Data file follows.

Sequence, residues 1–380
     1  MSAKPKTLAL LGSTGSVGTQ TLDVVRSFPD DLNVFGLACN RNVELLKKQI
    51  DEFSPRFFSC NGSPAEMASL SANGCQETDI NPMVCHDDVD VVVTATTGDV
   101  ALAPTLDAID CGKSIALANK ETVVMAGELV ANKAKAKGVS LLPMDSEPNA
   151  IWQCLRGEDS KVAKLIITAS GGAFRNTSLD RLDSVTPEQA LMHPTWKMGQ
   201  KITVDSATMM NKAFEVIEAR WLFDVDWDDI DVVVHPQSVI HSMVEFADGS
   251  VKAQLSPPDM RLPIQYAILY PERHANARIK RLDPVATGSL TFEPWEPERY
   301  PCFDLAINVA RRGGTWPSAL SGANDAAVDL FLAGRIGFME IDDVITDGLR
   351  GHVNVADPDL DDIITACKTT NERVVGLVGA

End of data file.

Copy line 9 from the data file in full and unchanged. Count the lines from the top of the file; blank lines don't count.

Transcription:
   351  GHVNVADPDL DDIITACKTT NERVVGLVGA